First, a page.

The Last Unicorn by Peter Beagle is one of my all-time favorite books, and I re-read it like it’s air. I recommend it quite often. And yet, people very rarely take me up on my suggestion. I think it’s because of the title. I mean, let’s be honest, it sounds like the final book of a trilogy where the other books are Giggle Glitter and Rainbow Smiles. I get it.
This book routinely polls as one of the top 10 fantasy novels of all time. It is stunning.
These are the reasons I love it so much:
1. The lyrical writing. It’s like this completely gorgeous narrative poem! On every page, you encounter a gem so beautiful you want to put it in your mouth like rock candy.
“Your name is a golden bell hung in my heart. I would break my body to pieces to call you once by your name.”
“Her voice left a flavor of honey and gunpowder on the air.”
“When you walk, you make an echo where they used to be.”
2. The humor. Beagle’s timing for tossing out a laugh-aloud moment is impeccable and doesn’t distract from the story, only adds.
“The magician stood erect, menacing the attackers with demons, metamorphoses, paralyzing ailments, and secret judo holds. Molly picked up a rock.”
“You pile of stones, you waste, you desolation, I’ll stuff you with misery till it comes out of your eyes. I’ll change your heart into green grass, and all you love into a sheep. I’ll turn you into a bad poet with dreams.”
3. The meta-writing. Story about story. The characters have this self-awareness that they are a part of a story, and it’s a fascinating device I’ve rarely seen used. Beagle does so with flawless charm.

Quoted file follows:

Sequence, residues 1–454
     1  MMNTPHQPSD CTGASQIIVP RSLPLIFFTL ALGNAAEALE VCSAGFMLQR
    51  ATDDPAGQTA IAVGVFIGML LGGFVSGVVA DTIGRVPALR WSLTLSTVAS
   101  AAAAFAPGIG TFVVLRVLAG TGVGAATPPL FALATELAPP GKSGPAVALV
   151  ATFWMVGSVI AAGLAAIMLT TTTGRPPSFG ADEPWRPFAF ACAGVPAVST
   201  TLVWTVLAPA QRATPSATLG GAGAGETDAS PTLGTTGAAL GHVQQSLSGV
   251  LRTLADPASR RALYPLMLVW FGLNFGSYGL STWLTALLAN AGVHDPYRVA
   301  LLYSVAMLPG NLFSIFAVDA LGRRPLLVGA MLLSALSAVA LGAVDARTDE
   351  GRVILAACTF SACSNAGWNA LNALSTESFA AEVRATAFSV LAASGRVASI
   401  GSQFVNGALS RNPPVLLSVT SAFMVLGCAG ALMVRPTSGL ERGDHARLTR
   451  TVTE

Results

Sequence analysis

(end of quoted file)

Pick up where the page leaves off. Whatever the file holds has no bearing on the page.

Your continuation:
“Haven’t you ever been in a fairy tale before?. . . . The hero has to make a prophecy come true, and the villain is the one who has to stop him — though in another kind of story, it’s more often the other way around. And a hero has to be in trouble from the moment of his birth, or he’s not a real hero. It’s a great relief to find out about Prince Lir. I’ve been waiting for this tale to turn up a leading man. . . .”
“The true secret in being a hero lies in knowing the order of things. The swineherd cannot already be wed to the princess when he embarks on his adventures, nor can the boy knock on the witch’s door when she is already away on vacation. The wicked uncle cannot be found out and foiled before he does something wicked. Things must happen when it is time for them to happen. Quests may not simply be abandoned; prophecies may not be left to rot like unpicked fruit; unicorns may go unrescued for a very long time, but not forever. The happy ending cannot come in the middle of the story.”
If you like the fantasy genre, or even just world-class writing despite genre, then you need to read this book.